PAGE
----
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Published: Wednesday, 12/18/2002

Foes of waterline win partial victory

DELTA, Ohio - Opponents of a proposal to bring public water to part of Swancreek Township at an estimated cost of more than $9,700 per home got a promise from the water district board last night that no action will be taken until late April.

They were unsuccessful, however, in their attempt to remove Tom Hall as chairman of the water district. Swancreek Township trustees, who had appointed Mr. Hall to the water board, had asked unanimously for his resignation earlier this month, saying residents were unhappy with his leadership.

Mr. Hall said during a meeting with two of the trustees before the water board meeting yesterday that he would not resign. The water board's attorney, Bobbie Corley O'Keefe of Columbus, conducted the meeting and did most of the speaking. She said the water board supports Mr. Hall.

After the meeting with trustees, Mr. Hall said he would not resign because “I don't think I did anything wrong.”

Both meetings were marked by open opposition from an audience of about 50 residents.

In a second meeting last night, the water board unanimously agreed to advertise for bids for the proposed project that would take public water to about 575 homes. Bids are to be opened Jan. 21.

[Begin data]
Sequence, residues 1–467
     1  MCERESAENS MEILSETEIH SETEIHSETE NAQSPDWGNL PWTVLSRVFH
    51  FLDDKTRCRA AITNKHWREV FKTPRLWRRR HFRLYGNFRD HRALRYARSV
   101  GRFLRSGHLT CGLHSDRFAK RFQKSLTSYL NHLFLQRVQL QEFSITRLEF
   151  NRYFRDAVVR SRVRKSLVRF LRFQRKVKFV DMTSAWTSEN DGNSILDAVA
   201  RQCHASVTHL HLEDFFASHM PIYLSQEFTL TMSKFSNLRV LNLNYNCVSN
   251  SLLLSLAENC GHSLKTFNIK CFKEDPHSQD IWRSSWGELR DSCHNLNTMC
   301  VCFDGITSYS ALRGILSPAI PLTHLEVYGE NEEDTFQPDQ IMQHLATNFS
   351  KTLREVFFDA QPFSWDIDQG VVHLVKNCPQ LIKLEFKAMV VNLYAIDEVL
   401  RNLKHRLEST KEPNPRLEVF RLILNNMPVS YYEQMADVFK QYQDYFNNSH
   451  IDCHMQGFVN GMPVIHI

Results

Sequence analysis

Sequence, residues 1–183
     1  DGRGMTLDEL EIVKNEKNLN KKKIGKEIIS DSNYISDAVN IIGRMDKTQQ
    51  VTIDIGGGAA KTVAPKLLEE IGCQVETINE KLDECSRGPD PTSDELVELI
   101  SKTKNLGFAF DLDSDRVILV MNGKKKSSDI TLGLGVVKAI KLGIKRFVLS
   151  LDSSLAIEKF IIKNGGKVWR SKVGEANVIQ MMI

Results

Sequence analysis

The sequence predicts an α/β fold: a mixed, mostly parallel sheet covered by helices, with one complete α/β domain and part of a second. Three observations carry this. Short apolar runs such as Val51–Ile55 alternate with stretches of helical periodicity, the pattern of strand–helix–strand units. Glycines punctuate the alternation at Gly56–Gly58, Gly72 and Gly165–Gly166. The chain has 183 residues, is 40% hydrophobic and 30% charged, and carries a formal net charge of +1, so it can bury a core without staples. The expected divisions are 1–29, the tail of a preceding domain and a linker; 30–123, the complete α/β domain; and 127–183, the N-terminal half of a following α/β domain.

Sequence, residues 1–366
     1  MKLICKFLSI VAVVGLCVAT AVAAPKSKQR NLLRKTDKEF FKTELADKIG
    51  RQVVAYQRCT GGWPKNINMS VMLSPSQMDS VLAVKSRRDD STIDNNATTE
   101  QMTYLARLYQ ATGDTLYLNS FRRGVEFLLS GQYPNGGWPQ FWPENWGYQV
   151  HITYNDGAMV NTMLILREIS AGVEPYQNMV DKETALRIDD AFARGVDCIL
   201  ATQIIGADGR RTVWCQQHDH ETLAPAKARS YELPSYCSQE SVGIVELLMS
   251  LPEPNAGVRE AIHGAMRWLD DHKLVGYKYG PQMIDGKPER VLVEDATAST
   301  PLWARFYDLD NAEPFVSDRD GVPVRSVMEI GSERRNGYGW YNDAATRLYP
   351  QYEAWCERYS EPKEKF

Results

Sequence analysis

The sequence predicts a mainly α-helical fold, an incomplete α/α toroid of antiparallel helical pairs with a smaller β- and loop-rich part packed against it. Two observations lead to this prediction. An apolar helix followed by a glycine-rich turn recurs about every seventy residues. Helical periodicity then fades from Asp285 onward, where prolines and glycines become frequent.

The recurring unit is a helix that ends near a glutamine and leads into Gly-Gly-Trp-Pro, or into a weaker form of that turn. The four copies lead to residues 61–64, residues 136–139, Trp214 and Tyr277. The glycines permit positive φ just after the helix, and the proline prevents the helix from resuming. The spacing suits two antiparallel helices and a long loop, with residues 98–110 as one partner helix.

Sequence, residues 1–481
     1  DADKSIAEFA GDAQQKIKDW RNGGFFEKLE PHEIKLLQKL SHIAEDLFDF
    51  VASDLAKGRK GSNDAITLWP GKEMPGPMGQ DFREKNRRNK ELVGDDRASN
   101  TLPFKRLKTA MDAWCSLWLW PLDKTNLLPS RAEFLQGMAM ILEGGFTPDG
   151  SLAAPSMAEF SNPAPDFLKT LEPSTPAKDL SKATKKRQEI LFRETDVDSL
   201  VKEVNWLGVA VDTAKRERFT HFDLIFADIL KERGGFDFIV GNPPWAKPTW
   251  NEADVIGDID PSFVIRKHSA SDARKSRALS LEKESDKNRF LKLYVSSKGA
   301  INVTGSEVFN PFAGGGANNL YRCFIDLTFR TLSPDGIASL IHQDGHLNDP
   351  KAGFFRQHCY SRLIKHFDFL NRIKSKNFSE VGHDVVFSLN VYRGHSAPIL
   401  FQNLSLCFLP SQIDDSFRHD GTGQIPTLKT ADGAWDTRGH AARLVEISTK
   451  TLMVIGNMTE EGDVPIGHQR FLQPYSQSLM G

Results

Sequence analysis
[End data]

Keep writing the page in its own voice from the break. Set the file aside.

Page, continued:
After the meeting, there were so many unhappy comments from the audience, which had grown to more than 60 people, that Mr. Hall reconvened the meeting to introduce a motion that the water board would not act on the bids for at least 90 days after opening them.

It passed unanimously.

The request was made by Tom Sullivan, a leader of the newly formed group called Concerned Citizens of Swancreek Township.

His group, which appeared to include many of last night's audience members, surveyed the owners of homes in the affected area last weekend and found that 400 opposed the project at the estimated price, 55 favored it, and 105 did not want to comment or were not reachable, according to Mr. Sullivan.

The water board did not have an estimate of how many residents favor the project, but members said numerous residents do not have enough high-quality water from their wells or worry they will run low if more homes are built in the area.

Mr. Sullivan said he thought the cost per home needs to be $6,700 or less for a majority of the residents to support it. An early estimate of $11,263 was later reduced to $9,715, payable over 20 years.

But the latter figure did not include a tap fee, or other expenses included in the first estimate.

Mr. Hall, a Swancreek Township resident who is employed as code administrator with the city of Wauseon, has said he hopes competitive bids will lead to lower actual costs than the estimates.

He said grants might be available to help some low-income residents with the cost.



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